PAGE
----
The volume of goods shipped globally has reached impressive proportions in recent decades. Goods moved annually by ship alone weigh more than 10 billion tonnes, or 15 times the weight of all cows on Earth.
The estimated value of global trade has increased tenfold since 1979 to more than US$16 trillion, a figure close to the GDP of the world’s biggest economy. Moreover,the rise of global value chains and the worldwide e-commerce boom have meant that companies increasingly export goods in small consignments as opposed to standard shipping containers.
With so many goods crisscrossing the globe, the kind of packaging and container systems that companies use to ship their products has a significant impact on both their bottom lines and on the environment. In this context, an increasing number of companies have been using ‘return-refill’ packaging and container systems, where containers are shipped back to the exporter empty after delivery and reused.
Beyond its obvious positive implications for sustainable shipping, sending their goods in containers that are returned to them allow companies to use tracking and tracing systems that improve quality control, security and logistics management. These tracing devices, integrated in different kinds of packaging, can track location, humidity, light, temperature, pressure and shock during carriage—capabilities that are crucial for transporting sensitive products such as life-saving medical devices and treatments.
Disparate customs requirements
However, one factor that can dissuade traders from recycling their container systems is that return-refill containers and packaging are often subject to stringent customs clearance formalities upon their empty return. While customs duties are rightly imposed on the goods in containers that enter countries, there is little international coherence on how customs should treat the returning containers that are empty except for perhaps their tracking systems.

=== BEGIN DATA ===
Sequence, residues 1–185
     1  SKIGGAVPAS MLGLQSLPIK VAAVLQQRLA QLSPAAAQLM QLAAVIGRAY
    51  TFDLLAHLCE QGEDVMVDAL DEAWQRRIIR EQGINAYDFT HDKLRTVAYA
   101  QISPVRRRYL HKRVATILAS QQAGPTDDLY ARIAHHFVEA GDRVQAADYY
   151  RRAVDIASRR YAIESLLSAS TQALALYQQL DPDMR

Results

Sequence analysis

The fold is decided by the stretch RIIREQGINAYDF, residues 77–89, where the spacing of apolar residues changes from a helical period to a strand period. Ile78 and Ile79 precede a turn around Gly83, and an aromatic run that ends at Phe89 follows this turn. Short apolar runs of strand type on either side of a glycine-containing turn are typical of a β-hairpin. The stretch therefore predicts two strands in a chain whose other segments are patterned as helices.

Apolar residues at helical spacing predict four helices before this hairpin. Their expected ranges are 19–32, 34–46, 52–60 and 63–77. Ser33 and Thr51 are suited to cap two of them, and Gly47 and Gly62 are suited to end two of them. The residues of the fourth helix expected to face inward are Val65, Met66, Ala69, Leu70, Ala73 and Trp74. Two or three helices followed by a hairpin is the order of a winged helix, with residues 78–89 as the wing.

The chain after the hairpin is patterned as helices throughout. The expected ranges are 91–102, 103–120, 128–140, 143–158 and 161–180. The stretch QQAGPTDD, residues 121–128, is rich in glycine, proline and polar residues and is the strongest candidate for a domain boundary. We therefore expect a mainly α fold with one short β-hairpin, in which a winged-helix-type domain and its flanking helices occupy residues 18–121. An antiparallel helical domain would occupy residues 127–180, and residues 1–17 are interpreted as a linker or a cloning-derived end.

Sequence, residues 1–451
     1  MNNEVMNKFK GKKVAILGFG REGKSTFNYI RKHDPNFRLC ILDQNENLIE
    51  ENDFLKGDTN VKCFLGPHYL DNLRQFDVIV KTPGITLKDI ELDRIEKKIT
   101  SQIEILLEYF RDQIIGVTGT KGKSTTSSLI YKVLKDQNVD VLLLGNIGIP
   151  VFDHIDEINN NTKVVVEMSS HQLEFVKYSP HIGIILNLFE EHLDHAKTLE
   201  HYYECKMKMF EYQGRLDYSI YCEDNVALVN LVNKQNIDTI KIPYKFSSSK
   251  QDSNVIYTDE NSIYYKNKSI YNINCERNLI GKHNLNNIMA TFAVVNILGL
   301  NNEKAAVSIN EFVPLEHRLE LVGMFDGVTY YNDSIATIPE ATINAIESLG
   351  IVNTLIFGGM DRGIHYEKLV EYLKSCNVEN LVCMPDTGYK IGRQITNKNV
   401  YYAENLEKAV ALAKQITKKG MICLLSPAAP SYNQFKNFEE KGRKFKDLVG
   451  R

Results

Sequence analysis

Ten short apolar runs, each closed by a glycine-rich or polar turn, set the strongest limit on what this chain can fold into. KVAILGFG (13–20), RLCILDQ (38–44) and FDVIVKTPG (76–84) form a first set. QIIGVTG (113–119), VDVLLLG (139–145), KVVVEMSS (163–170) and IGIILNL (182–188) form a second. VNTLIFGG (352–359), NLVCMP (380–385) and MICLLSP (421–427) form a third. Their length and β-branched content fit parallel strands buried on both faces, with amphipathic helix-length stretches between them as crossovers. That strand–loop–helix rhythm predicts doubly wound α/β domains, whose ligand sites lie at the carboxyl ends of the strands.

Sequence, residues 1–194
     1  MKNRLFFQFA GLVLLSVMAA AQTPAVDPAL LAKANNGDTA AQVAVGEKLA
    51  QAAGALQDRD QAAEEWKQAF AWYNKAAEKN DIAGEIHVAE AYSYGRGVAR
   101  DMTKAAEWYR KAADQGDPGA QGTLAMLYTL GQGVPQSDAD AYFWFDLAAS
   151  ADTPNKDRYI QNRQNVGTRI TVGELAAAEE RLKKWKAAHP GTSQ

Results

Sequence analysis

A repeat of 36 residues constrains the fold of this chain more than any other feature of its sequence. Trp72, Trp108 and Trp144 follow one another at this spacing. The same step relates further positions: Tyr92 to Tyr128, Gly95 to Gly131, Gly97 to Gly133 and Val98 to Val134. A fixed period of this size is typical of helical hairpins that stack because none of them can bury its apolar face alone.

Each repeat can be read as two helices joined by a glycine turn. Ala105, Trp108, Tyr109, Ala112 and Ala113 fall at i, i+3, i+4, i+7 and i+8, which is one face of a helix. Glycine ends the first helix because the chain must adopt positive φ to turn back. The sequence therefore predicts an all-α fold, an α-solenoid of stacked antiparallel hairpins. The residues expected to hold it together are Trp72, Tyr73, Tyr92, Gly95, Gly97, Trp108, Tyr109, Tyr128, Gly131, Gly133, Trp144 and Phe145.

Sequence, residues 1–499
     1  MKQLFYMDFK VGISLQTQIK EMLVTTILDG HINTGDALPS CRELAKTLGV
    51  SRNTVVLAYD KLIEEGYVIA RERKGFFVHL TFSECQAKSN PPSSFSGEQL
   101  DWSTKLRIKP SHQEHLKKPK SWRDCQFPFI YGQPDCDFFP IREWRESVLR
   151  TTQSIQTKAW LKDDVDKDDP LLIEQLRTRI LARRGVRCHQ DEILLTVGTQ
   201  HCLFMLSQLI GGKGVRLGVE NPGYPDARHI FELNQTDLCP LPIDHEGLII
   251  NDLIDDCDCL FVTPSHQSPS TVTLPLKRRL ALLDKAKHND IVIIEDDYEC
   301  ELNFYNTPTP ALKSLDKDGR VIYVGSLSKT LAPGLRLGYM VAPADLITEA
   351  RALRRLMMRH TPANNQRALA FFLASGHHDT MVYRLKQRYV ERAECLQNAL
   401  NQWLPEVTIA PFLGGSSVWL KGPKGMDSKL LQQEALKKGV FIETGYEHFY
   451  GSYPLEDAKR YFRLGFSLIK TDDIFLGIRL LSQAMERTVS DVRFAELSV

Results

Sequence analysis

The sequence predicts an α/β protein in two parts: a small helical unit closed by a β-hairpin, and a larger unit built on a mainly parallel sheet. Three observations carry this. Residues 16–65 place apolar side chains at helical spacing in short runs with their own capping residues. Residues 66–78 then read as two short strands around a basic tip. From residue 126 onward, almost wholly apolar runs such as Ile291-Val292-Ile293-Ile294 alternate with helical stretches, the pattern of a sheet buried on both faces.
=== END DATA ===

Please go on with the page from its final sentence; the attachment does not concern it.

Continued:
Some customs authorities will impose duties on the empty returning containers, effectively penalising companies for adopting this more sustainable transport method. Others will ask companies to navigate through lengthy transit procedures that can cost as much in time as the customs duties themselves. Such disparate customs procedures between countries mean that companies shipping their goods in return-refill container systems cannot be certain of the fees, taxes and time their trading will entail.
One ICC member works with a number of small- and medium-sized Central American companies (SMEs) that export to other countries in the region using road transportation. The products, mostly fruits and vegetables, are shipped in plastic containers, which are then returned empty to warehouses in their home country. Customs would consider the empty box merchandise, though, and accordingly ask the companies to pay import duties on it.
The member said that a work-around was found in which the returning empty boxes were considered temporary imports and exonerated from duties, but this means companies have had to invest resources in doing two different types of declaration for each order. SMEs are disproportionately affected by anything that makes border procedures more cumbersome as they lack the resources of bigger businesses to comply.
A need for global guidelines
Predictability, reliability and consistency are prerequisites to fostering international trade, and the lack of clear guidance on how customs authorities should treat return-refill container systems risks dissuading companies from moving towards a more efficient and sustainable means of trade. In response, ICC has released a set of business recommendations on the issue calling on the World Customs Organisation to develop international guidelines on return-refill container systems in close cooperation with the private sector.
Longstanding international customs conventions, such as the 1990 Istanbul Convention on Temporary Admission, provide for the temporary admission of containers imported to “facilitate carriage in connection with a commercial operation”. The 1972 Customs Container Convention covers any container above one cubic metre. Many challenges faced by companies using return-refill container systems could thus be addressed by proper implementation and compliance with international conventions and guidelines.
On this basis, ICC recommends that as long as the packaging has been used and/or will be re-used and that there is no change in ownership, return-refill systems should be allowed to cross borders without formal customs declaration, without duties, taxes and customs fees, and without the necessity of re-exportation.